BDP Baluken: Resolution Commission should have BDP majority

 ANF – ANKARA 12.04.2013 – The Parliamentary Resolution Process Assessment Commission, which has recently been established to monitor the Kurdish question solution process, is expected to start its works in the coming days.

Speaking to ANF about the Commission which had been proposed by the ruling AK party, Peace and Democracy Party (BDP) group deputy chair İdris Baluken said that “The commission will pave the way for the Parliament to play its role in this process, prepare reports and enable not only a historical confrontation but also today’s democratization”.

Baluken stated that they had expected the commission to be established by law and to present significant and brave determinations on the solution of the Kurdish question. However- he said- the government brought this subject to the parliament’s agenda in a different way because of the reactions displayed by Republican People’s Party (CHP), Nationalist Movement Party (MHP) and people.

Baluken said the commission would bear tremendous responsibility for it would deal with a very significant matter, a century-year-old bleeding wound that has taken the life of 50 thousands people in the last 30 years. The mission and member distribution of the commission should be determined in consideration of this truth, he added.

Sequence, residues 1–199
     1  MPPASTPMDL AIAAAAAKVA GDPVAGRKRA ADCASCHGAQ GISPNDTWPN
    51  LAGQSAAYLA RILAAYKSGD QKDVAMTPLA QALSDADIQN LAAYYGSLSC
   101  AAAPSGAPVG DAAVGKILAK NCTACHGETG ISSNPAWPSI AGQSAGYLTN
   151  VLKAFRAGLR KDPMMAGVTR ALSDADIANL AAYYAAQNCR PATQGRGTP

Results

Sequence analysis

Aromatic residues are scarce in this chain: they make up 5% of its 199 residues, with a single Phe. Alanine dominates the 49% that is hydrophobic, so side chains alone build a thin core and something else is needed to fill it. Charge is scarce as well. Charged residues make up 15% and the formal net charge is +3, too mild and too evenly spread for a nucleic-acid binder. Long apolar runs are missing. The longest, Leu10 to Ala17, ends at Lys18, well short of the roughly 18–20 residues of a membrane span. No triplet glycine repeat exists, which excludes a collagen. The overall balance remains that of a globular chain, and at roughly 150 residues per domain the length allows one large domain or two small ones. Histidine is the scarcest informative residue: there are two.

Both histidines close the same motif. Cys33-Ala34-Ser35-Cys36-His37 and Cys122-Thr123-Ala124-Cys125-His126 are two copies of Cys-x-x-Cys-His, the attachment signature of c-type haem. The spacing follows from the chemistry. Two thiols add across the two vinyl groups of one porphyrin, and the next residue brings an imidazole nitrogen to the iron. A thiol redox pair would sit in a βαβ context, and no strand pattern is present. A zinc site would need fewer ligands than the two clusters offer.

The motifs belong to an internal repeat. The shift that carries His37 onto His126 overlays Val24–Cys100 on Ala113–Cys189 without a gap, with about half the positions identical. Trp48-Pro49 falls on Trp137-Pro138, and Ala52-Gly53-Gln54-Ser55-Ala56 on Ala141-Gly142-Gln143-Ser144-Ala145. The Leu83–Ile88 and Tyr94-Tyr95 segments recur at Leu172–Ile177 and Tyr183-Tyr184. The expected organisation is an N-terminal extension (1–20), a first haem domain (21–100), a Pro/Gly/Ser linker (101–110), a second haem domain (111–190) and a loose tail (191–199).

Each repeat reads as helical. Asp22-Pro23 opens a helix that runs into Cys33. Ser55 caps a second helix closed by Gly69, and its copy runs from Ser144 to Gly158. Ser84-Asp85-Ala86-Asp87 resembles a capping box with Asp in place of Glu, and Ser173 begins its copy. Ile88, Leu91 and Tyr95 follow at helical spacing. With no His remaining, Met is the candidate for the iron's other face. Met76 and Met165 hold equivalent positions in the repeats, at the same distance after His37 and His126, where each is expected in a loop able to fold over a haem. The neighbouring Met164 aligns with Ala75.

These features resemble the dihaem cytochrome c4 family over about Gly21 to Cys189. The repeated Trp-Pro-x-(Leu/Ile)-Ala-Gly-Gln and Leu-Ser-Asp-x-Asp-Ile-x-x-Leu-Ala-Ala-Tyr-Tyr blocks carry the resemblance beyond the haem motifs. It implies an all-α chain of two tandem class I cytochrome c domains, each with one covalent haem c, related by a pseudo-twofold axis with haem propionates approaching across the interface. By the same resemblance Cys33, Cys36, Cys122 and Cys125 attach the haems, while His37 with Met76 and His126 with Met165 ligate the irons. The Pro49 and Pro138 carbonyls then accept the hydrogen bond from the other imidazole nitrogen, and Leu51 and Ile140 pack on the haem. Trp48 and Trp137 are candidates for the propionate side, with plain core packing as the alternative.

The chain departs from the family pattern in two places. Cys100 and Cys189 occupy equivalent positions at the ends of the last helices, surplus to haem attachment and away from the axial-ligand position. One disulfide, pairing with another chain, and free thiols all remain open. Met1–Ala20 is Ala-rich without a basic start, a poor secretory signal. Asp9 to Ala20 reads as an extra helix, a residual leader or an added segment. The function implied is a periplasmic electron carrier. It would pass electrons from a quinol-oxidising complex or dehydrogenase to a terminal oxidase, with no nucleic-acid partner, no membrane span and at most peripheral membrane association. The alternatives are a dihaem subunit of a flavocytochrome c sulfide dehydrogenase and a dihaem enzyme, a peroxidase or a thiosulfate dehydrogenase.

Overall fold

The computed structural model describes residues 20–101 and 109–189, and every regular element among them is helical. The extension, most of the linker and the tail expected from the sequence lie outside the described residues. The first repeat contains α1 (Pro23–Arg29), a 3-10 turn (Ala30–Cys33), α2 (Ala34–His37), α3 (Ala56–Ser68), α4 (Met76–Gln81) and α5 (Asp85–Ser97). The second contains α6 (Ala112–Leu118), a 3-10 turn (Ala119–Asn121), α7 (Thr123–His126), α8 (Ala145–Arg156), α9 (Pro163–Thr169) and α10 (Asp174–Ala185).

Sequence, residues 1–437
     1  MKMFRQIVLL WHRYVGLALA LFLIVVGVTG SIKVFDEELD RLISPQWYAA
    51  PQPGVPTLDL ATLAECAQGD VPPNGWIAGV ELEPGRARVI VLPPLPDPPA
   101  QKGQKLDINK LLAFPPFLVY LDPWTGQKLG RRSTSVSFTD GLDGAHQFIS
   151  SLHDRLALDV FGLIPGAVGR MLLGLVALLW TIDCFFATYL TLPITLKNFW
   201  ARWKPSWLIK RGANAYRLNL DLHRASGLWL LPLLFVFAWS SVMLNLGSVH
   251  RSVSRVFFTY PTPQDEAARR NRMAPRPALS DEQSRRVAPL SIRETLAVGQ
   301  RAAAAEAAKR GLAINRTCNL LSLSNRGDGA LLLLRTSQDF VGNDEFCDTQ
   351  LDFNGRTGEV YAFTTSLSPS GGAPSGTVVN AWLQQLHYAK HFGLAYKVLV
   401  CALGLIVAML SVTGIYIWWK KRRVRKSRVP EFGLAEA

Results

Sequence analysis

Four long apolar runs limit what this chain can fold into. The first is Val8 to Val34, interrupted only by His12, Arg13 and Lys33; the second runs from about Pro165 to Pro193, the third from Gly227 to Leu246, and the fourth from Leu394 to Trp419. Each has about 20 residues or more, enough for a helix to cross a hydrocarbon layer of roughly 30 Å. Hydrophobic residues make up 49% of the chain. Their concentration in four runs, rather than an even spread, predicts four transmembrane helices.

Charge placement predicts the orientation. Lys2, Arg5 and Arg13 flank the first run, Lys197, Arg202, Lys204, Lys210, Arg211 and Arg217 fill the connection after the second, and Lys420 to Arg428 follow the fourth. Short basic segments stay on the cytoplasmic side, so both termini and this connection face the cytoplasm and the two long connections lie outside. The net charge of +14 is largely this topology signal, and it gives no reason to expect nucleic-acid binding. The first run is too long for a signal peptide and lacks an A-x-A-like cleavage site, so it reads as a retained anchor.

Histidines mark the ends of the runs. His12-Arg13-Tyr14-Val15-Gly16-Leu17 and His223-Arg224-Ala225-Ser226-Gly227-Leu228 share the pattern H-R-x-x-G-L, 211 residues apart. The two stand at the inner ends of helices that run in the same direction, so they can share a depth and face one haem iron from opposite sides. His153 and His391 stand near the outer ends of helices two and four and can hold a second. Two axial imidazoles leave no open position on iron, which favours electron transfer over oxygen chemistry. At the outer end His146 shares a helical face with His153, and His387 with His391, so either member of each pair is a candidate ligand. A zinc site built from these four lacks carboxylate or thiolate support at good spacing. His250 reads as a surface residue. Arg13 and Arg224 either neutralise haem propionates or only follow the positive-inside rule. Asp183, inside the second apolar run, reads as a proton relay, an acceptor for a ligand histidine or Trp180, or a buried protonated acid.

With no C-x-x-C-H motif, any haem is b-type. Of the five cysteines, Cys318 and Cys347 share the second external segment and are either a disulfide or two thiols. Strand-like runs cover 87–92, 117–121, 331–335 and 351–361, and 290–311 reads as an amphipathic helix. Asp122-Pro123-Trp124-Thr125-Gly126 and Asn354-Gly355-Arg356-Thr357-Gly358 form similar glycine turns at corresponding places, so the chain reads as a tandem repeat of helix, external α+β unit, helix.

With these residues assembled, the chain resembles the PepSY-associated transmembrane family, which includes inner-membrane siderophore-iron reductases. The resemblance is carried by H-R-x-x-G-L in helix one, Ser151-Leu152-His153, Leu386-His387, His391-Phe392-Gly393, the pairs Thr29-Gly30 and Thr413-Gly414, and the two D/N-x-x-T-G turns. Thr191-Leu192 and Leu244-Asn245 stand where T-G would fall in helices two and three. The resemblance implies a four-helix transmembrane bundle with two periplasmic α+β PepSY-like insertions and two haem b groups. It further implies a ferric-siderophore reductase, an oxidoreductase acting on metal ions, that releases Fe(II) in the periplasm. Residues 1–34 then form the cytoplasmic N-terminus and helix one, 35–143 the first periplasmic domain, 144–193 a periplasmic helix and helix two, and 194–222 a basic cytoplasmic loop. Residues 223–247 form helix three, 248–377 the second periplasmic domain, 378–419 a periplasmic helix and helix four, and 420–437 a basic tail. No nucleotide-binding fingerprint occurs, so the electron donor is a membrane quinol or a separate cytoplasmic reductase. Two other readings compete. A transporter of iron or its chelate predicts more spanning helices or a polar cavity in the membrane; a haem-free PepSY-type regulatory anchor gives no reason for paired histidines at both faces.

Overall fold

BDP group deputy chair said the commission should give priority to the representation of the will of Kurdish people now that it was meant to serve for a solution to the Kurdish question. Pointing out that the commission should display a perspective siding with brave steps and, serve for two primary goals, Baluken added, “Its first step should be to work for the process of disarmament and foregrounding of democratic politics as a struggle for rights and freedoms. In addition to the processes of democratic, legal and constitutional amendments, it should also work in the process of our people’s return to their lands with the ending of the conflict environment which made them leave their villages that were evacuated and burnt down. It should either examine and monitor all these processes and, intervene if necessary, or present a particular perspective, concretize its opinions on these processes and pave the way for the formation of various parliamentary mechanisms in the next phase”. Baluken noted that the commission will be working for three months, or four at most. The commission will start its works after the Speaker of the Parliament’s invitation to four political parties. Besides listening to experts and interlocutors on the Kurdish question, it is also expected to make examinations in North Kurdistan. It will gather its work in a report it will release after three or four months of work.